West Virginia

W.Va. Woman Charged With Mishandling Classified Information

Elizabeth Jo Shirley was charged with willful retention of national defense information

The National Security Agency campus is seen in this aerial photograph taken above Fort Meade, Maryland, on Nov. 4, 2019.
Al Drago/Bloomberg via Getty Images

A West Virginia woman who had already been accused of kidnapping her daughter faces a new charge of retaining top-secret information from the National Security Agency in a storage unit she leased, court papers show.

Elizabeth Jo Shirley was charged with willful retention of national defense information in a two-count criminal information document filed in federal court in West Virginia last week. That charging document is filed with a defendant’s consent and typically signals an intent to plead guilty. She also faces a count of international parental kidnapping.

The document contains only sparse information about the allegations, but says that between 1999 and August 2019, Shirley had unauthorized possession of documents "relating to the national defense" and "failed to deliver them to the officer or employee of the United States entitled to receive them."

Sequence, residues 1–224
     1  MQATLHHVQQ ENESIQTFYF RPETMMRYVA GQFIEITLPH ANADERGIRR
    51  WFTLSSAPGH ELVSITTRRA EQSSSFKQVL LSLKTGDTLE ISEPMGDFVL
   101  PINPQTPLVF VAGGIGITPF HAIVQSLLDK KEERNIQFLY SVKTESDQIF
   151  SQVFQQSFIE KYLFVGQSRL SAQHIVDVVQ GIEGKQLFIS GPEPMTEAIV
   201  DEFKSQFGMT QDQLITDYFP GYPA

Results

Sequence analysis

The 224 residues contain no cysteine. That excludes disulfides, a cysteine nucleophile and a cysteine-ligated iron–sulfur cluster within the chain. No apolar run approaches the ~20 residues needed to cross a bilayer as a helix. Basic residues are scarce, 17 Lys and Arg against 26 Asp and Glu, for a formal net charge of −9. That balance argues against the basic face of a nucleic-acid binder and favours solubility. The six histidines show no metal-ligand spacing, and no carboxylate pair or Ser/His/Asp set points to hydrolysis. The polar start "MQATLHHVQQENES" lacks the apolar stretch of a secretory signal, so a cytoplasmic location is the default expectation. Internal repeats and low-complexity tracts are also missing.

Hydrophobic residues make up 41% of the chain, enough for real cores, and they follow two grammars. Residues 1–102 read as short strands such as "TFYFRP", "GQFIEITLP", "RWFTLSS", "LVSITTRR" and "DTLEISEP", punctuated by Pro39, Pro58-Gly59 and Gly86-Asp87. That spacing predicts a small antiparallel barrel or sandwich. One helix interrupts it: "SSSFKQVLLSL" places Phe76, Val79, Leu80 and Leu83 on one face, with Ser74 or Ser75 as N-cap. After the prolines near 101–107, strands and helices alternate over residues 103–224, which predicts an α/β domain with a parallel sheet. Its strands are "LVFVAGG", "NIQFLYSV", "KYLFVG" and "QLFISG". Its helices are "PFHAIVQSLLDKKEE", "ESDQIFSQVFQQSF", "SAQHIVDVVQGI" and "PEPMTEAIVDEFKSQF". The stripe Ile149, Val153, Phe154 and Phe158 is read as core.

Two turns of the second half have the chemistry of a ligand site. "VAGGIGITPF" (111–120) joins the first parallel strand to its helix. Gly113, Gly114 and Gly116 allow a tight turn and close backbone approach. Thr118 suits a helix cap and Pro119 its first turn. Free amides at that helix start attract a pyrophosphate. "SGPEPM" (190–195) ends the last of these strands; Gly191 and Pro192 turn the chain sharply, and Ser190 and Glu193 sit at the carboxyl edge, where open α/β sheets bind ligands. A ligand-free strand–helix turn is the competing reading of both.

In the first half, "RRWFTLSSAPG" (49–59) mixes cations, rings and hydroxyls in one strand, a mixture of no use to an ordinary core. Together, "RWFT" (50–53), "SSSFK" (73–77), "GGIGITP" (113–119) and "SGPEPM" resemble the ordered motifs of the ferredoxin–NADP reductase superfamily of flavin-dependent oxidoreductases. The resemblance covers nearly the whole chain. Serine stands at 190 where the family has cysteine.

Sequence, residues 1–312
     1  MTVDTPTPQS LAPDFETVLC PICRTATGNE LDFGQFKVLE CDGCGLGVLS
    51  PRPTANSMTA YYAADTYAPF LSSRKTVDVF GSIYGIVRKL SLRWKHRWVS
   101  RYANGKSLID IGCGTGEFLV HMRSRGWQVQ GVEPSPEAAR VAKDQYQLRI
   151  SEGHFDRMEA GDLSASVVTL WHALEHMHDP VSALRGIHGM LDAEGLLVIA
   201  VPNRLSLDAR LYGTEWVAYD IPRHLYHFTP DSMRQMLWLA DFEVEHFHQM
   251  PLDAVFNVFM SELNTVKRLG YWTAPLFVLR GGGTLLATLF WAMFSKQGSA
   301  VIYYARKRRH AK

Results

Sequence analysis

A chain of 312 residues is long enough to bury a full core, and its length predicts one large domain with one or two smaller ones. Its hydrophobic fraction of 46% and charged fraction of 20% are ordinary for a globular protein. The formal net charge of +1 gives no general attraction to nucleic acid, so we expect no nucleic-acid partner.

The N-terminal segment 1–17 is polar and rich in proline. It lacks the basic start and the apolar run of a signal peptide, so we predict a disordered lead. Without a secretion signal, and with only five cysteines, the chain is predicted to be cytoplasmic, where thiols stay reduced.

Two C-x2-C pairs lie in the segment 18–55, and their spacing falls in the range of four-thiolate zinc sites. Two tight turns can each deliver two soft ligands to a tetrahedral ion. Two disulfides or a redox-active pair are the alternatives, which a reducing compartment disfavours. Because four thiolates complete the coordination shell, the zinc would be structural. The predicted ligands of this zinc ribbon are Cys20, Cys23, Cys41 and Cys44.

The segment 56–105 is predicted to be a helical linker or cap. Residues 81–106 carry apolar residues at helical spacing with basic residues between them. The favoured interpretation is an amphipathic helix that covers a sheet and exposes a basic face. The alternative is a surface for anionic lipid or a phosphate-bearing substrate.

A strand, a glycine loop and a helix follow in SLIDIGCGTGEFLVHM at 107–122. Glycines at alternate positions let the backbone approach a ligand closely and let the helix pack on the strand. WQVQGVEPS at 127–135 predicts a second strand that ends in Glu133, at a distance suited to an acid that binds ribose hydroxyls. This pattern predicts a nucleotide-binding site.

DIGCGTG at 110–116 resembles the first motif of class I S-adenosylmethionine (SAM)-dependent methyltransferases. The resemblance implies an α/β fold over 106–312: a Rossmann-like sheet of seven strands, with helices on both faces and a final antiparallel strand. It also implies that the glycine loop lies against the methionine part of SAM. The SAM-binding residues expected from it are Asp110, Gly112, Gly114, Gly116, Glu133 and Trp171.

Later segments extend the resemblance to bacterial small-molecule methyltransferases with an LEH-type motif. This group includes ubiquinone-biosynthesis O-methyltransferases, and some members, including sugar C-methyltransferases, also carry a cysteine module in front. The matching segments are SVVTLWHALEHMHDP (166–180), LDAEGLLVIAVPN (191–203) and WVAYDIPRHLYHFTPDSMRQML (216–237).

Prosecutors say Shirley kept without authorization in a storage unit she leased a document relating to "the national defense that outlines intelligence information regarding a foreign government’s military and political issues." The charging document does not specify the information but says it was classified at the top secret level from the National Security Agency.

Shirley's attorney did not return a phone message seeking comment Monday.

In a motion last month seeking detention, federal prosecutors cited a risk that she would flee if released before trial and described her as a risk to obstruct justice. A judge agreed to keep her in custody.

A Justice Department spokesman declined Monday to comment on the case beyond the court filings. The NSA also declined to comment.

Shirley was accused of kidnapping her 6-year-old daughter in July 2019 after she failed to return the child on the agreed-upon date to the girl’s father, the primary residential parent, and his wife in West Virginia.

Shirley reported that she was having car trouble and promised to make the drop-off the following day, but instead headed toward the airport and ultimately left the country, authorities said.

Shirley and the girl were found by authorities at a hotel in Mexico City weeks later. The girl was returned to her father, and Shirley was charged with international kidnapping.

Associated Press writer John Raby in Charleston, West Virginia, contributed to this story.

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